3. I. First, then, I call your attention to FAITH’S ANNUNCIATION. Here we have it, in the 42nd verse: “we believe.”

4. Genuine faith may, through timidity, be hidden for a little while; or, possibly, the love of carnal ease may lead some to conceal their faith in Christ; but it is of the very nature of faith that it should make its appearance known and felt. Just as Christ had what our Church of England friends call his Epiphany, when he was revealed to men, so faith, though it may for a while be swaddled, and laid in a manger, and kept in a stable, must have its debut, it must have its manifestation, and men must see it. Nicodemus and Joseph of Arimathea managed, for three years or so, to conceal their faith to a great degree. Every now and then, the light would burn a hole through the bushel, for they could not quite hide the fire that was within them; but when Jesus died, then the thoughts of many hearts were revealed, and both these men stood out in the clear light of day as his affirmed disciples. They could not help it; the occasion had come when their faith must be revealed, and they must by their actions say, “Now we believe.” Our Lord has always put, side by side with the faith that saves, the duty of confession of that faith. His own words are, “He who believes and is baptized shall be saved.” And Paul, guided by the Holy Spirit, wrote, “If you shall confess with your mouth the Lord Jesus, and shall believe in your heart that God has raised him from the dead, you shall be saved. For with the heart man believes to righteousness; and with the mouth confession is made to salvation.” Christ does not love a tongue-tied faith; he would not have faith dumb, but would always have her speak to the glorifying of her Lord on whom she depends. So these Samaritans, when they had come to believe in Jesus, must confess their faith, and they did so by saying, “Now we believe.”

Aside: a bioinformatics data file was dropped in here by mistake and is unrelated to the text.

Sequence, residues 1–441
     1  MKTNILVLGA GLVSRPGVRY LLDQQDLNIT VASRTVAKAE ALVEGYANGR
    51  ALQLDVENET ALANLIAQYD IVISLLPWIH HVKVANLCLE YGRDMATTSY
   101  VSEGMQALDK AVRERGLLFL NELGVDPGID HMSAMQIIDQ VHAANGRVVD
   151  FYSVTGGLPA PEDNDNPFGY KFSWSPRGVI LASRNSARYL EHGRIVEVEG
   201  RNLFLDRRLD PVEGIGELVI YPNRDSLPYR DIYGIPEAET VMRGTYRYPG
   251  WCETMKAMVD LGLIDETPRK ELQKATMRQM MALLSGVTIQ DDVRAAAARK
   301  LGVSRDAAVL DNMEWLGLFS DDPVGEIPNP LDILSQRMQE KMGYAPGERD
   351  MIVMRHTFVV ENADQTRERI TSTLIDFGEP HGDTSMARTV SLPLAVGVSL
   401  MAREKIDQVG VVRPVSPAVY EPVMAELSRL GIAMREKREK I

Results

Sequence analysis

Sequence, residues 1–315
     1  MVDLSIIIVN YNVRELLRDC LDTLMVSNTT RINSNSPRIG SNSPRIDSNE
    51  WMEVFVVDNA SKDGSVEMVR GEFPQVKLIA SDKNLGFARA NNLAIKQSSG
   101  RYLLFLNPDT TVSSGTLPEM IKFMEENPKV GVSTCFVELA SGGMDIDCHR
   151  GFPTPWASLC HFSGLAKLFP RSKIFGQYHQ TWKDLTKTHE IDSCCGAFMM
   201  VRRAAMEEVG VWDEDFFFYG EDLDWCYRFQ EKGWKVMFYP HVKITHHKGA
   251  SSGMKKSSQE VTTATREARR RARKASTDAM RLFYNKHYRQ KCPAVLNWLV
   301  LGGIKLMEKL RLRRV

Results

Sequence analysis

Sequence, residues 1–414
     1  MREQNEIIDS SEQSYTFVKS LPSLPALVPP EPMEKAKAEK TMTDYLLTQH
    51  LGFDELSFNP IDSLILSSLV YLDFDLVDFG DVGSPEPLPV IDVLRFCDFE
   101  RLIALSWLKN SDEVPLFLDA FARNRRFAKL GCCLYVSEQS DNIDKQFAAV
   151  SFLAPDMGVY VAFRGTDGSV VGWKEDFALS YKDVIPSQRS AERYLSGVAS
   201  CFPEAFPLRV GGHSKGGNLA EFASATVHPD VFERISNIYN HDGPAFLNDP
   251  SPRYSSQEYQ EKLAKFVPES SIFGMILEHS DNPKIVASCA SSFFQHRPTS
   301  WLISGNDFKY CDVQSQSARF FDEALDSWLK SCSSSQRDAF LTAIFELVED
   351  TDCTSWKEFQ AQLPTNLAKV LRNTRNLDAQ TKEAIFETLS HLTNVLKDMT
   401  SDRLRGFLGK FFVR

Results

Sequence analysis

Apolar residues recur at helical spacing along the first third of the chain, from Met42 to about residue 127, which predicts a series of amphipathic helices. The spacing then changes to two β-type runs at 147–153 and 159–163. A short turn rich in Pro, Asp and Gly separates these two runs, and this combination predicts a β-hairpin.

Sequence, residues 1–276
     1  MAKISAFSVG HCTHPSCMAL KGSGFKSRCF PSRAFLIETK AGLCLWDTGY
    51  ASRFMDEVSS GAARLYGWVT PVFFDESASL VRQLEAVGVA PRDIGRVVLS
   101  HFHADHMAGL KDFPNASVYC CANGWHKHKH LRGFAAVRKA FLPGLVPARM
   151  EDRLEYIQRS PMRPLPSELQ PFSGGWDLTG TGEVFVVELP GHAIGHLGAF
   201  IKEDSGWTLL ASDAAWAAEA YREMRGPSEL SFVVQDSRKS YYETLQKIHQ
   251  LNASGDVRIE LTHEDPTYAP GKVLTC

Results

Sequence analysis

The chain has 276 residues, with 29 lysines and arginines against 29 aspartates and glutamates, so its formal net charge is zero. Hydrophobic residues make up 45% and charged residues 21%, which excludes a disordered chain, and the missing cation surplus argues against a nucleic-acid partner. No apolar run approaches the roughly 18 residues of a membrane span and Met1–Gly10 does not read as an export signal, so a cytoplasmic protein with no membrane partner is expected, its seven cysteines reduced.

5. Possibly, dear friends, they felt a little difficulty — I suppose that it was very little in their case, — in saying, “Now we believe,” because they had previously undergone a period of doubt. Evidently these people did not receive the woman’s testimony, although others had done so. They listened to it, and were sufficiently moved by it to go out and see the Teacher of whom she spoke; but they were not brought to faith by it. Perhaps, they even battled with her, and raised questions; I will not say quibbles; — but, at last, to her great joy, they said to her, “ ‘Now we believe’; we have gotten out of all the muddle and confusion in which we were; we have left the darkness, and the doubt, and the difficulty; and ‘now we believe.’ ” Are there any of you, dear friends, who have been amusing yourselves for years with the notion that you were infidels? Have you tried to make up in your own minds a kind of belief that you were “agnostics?” I think that is the favourite word for those who are proud of being know-nothings or ignoramuses. Have you tried to bolster up in your mind the idea that you were something very wonderful in the form of a sceptical person, — all the while, I do not doubt, believing a great deal more than you liked to admit, — believing and trembling all the time? But have you played that foolish game out, and have you now truly trusted in the Lord Jesus Christ as your own Saviour? If so, then do not be ashamed to say, “Now I believe.” You will have to eat your own words; well, then, eat them. You will have to be very humble when you meet your old friends; well, then, be humble; there will be no harm to you in that. And, perhaps, they will bring against you some of your own arguments. Well, it will serve you right if they do; and, besides, it will give you the pleasure of breaking those arguments to pieces, and perhaps of winning your friends for Christ, for you have seen those fallacies broken in your own case, and you may be the means, in the hand of God, of breaking the bow and cutting the spear asunder in the case of those who have been your fellow doubters. Do not be ashamed of confessing your past folly. I think a man who says, “I was wrong,” really in effect says, “I am a little wiser today than I was yesterday.” But he who never admits that he has made a mistake, and who claims that he has always been in the right, has evidently never made much growth in knowledge of himself. So, do not be ashamed to say, “Now I believe,” though that confession may have been preceded by many a doubt.